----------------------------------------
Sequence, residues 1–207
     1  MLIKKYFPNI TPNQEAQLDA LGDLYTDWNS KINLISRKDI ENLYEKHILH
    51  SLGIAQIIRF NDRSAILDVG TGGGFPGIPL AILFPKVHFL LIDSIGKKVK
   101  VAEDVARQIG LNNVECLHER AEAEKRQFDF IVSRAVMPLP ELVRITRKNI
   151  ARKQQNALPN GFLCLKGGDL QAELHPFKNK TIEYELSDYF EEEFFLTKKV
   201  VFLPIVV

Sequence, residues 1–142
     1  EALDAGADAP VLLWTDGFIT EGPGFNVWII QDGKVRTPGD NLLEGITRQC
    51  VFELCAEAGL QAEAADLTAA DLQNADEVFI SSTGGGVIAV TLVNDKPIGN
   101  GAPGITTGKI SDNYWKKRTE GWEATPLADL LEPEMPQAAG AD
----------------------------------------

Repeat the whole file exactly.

Sequence, residues 1–207
     1  MLIKKYFPNI TPNQEAQLDA LGDLYTDWNS KINLISRKDI ENLYEKHILH
    51  SLGIAQIIRF NDRSAILDVG TGGGFPGIPL AILFPKVHFL LIDSIGKKVK
   101  VAEDVARQIG LNNVECLHER AEAEKRQFDF IVSRAVMPLP ELVRITRKNI
   151  ARKQQNALPN GFLCLKGGDL QAELHPFKNK TIEYELSDYF EEEFFLTKKV
   201  VFLPIVV

Sequence, residues 1–142
     1  EALDAGADAP VLLWTDGFIT EGPGFNVWII QDGKVRTPGD NLLEGITRQC
    51  VFELCAEAGL QAEAADLTAA DLQNADEVFI SSTGGGVIAV TLVNDKPIGN
   101  GAPGITTGKI SDNYWKKRTE GWEATPLADL LEPEMPQAAG AD